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When should you think about your job search and start preparing for it? As soon as possible! When you
begin your graduate studies with an academic career in mind, you have to start building your dossier.
This entails taking various steps such as:

Diversification: Aim to broaden your knowledge of other fields beside your area of research when
selecting graduate courses.

Orientation within a Field / Networking: Once you have chosen your field of research, you should
become familiar with the who, what, where and when of that field.
o Find out who works in that field, in what journals they publish, what conferences they attend and
when these events call for papers are published as well as when the events themselves take
place. Look on the web for philosophy blogs and associations web pages that contain such
o Join professional associations such as the APA (American Philosophical Association:, the CPA (Canadian Philosophical Association:
and any other specialized philosophical societies where you may disseminate your work and
make professional contacts.

Publishing and Presenting: Published articles and presented papers carry a lot of weight in a CV.
o Getting an article published is a lengthy process. It is not uncommon to have to submit a piece to
many journals before it gets accepted (do not submit to more than one journal at a time though).
Consult with faculty members and advisors on course essays that have been deemed exceptional
and ask for advice on how to revise them for publication.
o Presenting papers and commentaries as part of scholarly conferences is also an excellent way to
put your name on the map. Some associations provide graduate students travel stipends. Some
departments also do. Look into those possibilities.

Acquiring Teaching Experience: Teaching experience is gained by working as a marker/grader,

teaching assistant and instructor. Having taught a few courses that have a high demand in many
colleges and universities will definitely be an asset when looking for a job.
o Again, aim for diversity in order to better fit departments that require their faculty to teach a wide
range of courses.
o Keep a record of all assignments as well as copies of teaching evaluations.
o Look for any teaching awards or teaching assistantship awards your institution may offer and
compete for them.
o The teaching experience you acquire will help determine and refine your AOS and AOC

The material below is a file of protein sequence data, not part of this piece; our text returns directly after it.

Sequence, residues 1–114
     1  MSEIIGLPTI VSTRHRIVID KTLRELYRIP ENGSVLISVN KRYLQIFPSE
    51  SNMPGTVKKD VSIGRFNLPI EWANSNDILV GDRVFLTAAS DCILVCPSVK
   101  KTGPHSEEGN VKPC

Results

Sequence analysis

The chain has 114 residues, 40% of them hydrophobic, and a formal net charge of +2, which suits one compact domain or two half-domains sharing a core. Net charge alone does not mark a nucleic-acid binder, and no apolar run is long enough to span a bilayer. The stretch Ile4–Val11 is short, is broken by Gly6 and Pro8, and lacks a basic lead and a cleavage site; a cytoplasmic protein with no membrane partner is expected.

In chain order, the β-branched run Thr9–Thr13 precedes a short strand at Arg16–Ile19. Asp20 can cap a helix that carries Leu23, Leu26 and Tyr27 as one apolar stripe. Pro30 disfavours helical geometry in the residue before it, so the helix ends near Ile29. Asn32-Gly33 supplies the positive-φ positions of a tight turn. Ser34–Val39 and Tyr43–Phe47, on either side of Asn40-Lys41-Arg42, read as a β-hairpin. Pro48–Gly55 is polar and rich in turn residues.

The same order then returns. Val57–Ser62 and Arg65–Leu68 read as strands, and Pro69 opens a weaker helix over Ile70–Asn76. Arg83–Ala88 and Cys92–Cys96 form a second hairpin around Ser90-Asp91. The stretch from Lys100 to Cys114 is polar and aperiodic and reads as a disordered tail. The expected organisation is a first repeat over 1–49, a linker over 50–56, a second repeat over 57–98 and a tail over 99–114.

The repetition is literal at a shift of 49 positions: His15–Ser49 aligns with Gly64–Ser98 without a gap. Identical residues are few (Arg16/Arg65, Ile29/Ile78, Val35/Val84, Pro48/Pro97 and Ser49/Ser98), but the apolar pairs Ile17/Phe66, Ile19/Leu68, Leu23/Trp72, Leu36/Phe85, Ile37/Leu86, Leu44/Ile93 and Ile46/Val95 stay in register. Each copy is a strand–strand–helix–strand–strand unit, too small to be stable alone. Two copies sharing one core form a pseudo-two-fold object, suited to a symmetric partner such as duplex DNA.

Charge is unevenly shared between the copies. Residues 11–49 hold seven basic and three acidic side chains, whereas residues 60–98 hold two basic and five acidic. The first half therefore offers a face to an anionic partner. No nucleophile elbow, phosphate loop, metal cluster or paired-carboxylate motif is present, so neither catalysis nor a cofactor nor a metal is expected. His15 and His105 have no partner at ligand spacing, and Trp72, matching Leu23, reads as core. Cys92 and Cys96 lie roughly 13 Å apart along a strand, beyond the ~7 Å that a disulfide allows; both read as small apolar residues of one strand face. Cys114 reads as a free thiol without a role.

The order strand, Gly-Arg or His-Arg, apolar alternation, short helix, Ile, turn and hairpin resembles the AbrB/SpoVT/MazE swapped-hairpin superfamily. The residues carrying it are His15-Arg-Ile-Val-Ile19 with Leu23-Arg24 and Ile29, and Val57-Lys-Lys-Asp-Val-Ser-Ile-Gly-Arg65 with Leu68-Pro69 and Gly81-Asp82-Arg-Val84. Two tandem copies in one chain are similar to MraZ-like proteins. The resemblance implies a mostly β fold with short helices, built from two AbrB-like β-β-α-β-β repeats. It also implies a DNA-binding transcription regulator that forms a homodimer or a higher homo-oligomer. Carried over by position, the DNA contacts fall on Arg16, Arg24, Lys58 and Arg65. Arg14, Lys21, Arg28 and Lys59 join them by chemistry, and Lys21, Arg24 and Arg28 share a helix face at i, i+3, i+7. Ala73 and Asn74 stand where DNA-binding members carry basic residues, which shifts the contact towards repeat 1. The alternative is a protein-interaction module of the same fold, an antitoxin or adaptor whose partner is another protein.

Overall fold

AOS: areas covered in your dissertation or in which you have a significant publication record.
You should be capable of teaching a graduate course in your AOS.
AOC: areas covered by your teaching (as instructor, as TA, or as grader in cases of multiple
assignments). You should be able to teach an upper-level undergraduate course in your

Departmental Service: Participating in departmental activities is important. Try and get involved in
conference organizations, departmental committees, graduate students unions, etc. so as to be able
to show that you are not only an impressive scholar and teacher but also a good departmental citizen.

When should you consider hitting the job market? This time: NOT as soon as possible. Ideally, you
should go on the market only when your thesis is finished. You may, however, consider entering the
market if your thesis is complete but not yet defended. It is not good strategy to enter the market if your
thesis is not finished as the search for a position will eat up much of your time and you will have a harder
time convincing a prospective employer that indeed you will have finished and defended successfully the
thesis by the time of employment.

Job Postings and Timeline for Applications: Most tenure-track jobs are posted early in the fall
for employment the following academic year (most often starting July 1 ). Postings are to be found
o In Jobs for Philosophers, an APA publication that is published in paper and electronically. You
must be a member of the APA to receive the hard copy and have access to the web postings.
The first issue of JFP in October and the following in November are the largest issues of the year
and contain most postings for the year. Later issues tend to advertise limited term appointments
(1 year, 9 months and replacement positions). Many listings announce that interviews will be held
at the Eastern Division Meetings of the APA in December (the largest job fair in our field, consider
attending it and using its placement services).
o In The Chronicle of Higher Education. It is a weekly publication with the current number
available on-line to members only. Back issues are open to any visitor (
o In University Affairs and the CAUT Bulletin as well as (very) occasionally in the Globe and
Mail. You can get a free subscription to University Affairs at
o In your email if you are a member of listservs that provide such information (many specialized
associations do).
o On departmental bulletin boards.

Applying for a Position: You have to look for the right positions for you and prepare a dossier to